The Control of Ragwort

This plant appears to have alternating seasons of rampant or less rampant growth, and it is currently spreading in the UK (2004). Most stockmen understand that ragwort is very bad or fatal for animals when eaten dried, but do not realise that it is also poisonous when nibbled as a rosette in pasture. It is dangerous in both cases, and never good for the animal concerned. Why ? The toxins in ragwort (Pyrrolozide alkaloids) are cumulative in all animals (and humans). They gradually destroy the liver, so that a small dose towards the middle of a life, can turn out to be the fatal one. A horse only needs 1kg.of this plant to kill it, and contrary to commonly quoted opinion, sheep are also affected by nibbling the rosettes (although they are mostly slaughtered before it kills them).

Rosettes & mature plants need to be removed from pasture, after pulling,cutting, foraging, or spraying. Lazy Dog gangs remove the complete plants from the ground, before tipping them into trailers, ready for burning, burying, or composting. All these operations must be done away from watercourses or animals, and are part of the job.

The application of RIP

1. Using a new shortened version of the Lazy Dog, our gangs aim to remove the plants as rosettes, during the Autumn & Spring. Summer clearance work is considered to be a ‘follow-up’ to this initial effort, which is carried out when the ground is moist, the weather cool, and the burden of other jobs, less pressing.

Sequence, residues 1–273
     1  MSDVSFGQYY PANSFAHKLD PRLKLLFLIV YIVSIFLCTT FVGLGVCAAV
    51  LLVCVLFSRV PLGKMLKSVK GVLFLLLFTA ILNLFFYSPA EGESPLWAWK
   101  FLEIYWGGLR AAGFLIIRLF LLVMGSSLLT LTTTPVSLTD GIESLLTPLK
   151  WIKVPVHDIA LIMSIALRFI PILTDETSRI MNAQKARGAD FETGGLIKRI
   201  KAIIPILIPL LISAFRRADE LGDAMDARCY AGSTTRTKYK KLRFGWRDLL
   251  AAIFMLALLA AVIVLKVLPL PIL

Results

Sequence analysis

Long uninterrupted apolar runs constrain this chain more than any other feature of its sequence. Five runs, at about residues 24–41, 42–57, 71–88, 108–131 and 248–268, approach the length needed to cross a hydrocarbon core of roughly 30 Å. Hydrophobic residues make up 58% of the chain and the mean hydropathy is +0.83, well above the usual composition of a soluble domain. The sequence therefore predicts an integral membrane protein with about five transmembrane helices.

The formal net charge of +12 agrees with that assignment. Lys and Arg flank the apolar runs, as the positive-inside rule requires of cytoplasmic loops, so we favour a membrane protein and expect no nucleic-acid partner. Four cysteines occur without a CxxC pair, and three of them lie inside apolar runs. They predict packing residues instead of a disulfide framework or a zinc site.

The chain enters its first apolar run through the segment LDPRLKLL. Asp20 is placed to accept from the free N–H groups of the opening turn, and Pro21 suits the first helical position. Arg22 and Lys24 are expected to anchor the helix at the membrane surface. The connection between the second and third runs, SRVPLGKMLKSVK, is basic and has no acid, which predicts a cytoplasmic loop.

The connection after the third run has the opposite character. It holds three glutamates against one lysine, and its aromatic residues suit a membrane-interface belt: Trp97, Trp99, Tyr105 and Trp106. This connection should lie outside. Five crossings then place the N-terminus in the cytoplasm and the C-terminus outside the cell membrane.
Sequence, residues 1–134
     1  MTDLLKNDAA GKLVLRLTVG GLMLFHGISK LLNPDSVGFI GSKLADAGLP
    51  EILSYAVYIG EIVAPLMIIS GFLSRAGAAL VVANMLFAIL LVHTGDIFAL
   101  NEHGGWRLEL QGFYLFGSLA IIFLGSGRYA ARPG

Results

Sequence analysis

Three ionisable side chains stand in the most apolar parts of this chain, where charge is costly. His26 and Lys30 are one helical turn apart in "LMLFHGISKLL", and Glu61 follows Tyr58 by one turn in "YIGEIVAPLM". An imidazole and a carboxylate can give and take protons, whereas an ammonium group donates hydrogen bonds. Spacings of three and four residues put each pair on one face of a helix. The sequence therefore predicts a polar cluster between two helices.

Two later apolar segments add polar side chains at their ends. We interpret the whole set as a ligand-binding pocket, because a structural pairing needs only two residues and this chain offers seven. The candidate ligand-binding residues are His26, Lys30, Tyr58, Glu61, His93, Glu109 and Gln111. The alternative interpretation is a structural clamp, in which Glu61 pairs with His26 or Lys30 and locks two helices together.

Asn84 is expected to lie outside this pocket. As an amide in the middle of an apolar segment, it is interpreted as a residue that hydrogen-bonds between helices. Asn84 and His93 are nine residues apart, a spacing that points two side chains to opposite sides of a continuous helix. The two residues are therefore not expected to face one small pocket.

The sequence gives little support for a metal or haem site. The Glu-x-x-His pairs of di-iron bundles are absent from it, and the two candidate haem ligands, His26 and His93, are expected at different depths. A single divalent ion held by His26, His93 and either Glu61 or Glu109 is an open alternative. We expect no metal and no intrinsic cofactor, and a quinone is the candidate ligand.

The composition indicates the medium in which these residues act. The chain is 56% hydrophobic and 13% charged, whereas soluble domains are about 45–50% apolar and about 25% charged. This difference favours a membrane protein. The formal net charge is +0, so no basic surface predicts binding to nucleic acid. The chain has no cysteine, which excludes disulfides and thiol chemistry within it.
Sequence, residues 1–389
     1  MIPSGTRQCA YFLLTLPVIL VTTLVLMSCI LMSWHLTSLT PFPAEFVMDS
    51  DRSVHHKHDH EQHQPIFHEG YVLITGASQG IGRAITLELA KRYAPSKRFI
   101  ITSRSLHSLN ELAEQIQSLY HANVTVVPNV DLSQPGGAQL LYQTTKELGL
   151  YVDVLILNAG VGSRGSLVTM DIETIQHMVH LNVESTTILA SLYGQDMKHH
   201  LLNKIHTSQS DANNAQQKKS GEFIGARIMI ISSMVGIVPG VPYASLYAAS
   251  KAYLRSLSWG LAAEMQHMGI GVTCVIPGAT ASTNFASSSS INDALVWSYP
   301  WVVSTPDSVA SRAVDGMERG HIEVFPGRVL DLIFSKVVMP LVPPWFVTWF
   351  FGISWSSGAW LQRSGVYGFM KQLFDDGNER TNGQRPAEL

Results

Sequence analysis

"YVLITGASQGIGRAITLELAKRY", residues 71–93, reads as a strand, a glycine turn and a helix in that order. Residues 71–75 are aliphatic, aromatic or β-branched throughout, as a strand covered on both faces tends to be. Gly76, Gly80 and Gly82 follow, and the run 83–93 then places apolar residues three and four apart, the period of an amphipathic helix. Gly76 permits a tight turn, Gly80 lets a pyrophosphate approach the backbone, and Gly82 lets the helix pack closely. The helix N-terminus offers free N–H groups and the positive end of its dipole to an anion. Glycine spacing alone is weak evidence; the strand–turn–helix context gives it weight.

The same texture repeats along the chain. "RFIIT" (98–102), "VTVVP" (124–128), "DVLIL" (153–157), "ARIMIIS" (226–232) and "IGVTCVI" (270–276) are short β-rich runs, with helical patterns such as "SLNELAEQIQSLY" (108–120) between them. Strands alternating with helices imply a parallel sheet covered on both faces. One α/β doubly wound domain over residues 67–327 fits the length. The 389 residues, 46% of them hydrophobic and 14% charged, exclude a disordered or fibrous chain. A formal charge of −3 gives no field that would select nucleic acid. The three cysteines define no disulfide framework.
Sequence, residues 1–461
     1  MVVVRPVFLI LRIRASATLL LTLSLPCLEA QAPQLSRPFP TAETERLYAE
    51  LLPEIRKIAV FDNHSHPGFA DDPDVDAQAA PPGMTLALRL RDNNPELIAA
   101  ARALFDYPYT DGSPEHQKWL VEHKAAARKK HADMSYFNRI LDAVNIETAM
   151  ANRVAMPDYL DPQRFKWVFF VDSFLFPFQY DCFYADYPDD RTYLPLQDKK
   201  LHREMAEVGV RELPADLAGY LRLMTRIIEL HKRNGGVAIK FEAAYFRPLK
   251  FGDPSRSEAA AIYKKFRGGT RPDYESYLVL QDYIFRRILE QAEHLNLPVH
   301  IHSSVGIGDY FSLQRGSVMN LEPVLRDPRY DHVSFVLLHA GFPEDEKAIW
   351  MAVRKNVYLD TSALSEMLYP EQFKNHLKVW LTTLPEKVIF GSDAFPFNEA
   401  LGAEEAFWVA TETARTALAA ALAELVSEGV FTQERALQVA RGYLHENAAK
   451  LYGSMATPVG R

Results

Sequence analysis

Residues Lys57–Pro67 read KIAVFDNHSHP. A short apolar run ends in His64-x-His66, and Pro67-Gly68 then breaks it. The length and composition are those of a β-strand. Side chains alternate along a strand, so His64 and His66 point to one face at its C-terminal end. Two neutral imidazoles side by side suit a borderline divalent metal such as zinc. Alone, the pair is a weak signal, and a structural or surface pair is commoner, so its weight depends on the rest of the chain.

2. Rosette clearance requires the workforce to make full use of a L-D tool, by getting out of the habit of bending. A collecting bag is carried on one shoulder, and the uprooted plants are either tipped in piles for later collection, or put directly into a smaller trailer.

3. We mostly use the small fork (N07), because plants stick to it while we lift them to waist height.The ‘sheeps foot nose'(N01b), can also be useful where occasional rosettes appears among a majority of docks & thistles (e.g. in field margins in countryside stewardship). N01b is also useful in dry conditions, encountered during the ‘follow-up’ in Summer. A specialist zigzag rake (that we make), can be useful for raking out massed seedling rosettes in winter.

4. After grubbing out a plant, we try to ‘heal in’ the larger divots, to shield any lurking seed-bank from light. Trials in Yorkshire suggest that this is much less of a problem than is often suggested, especially when stock are removed.

5. We wear gloves at all times, because it’s known that the poisonous alkaloids enter the bloodstream via the skin, especially in hot weather (see Dr Derek Knottenbelt, Liverpool Veterinary Research).
Some management suggestions

1. Tightly stocked winter grazing (especially by heavy animals) is asking for trouble on soils that are known to contain a ragwort seed-bank. There is no point in expensively clearing a site, and then allowing heavy or uncontrolled grazing. After clearing any badly infested site (which has previously been paddled or overgrazed), management must ensure that the turf is allowed to thicken up & repair. In an ideal world all grazing should be replaced by mechanical topping for two growing seasons.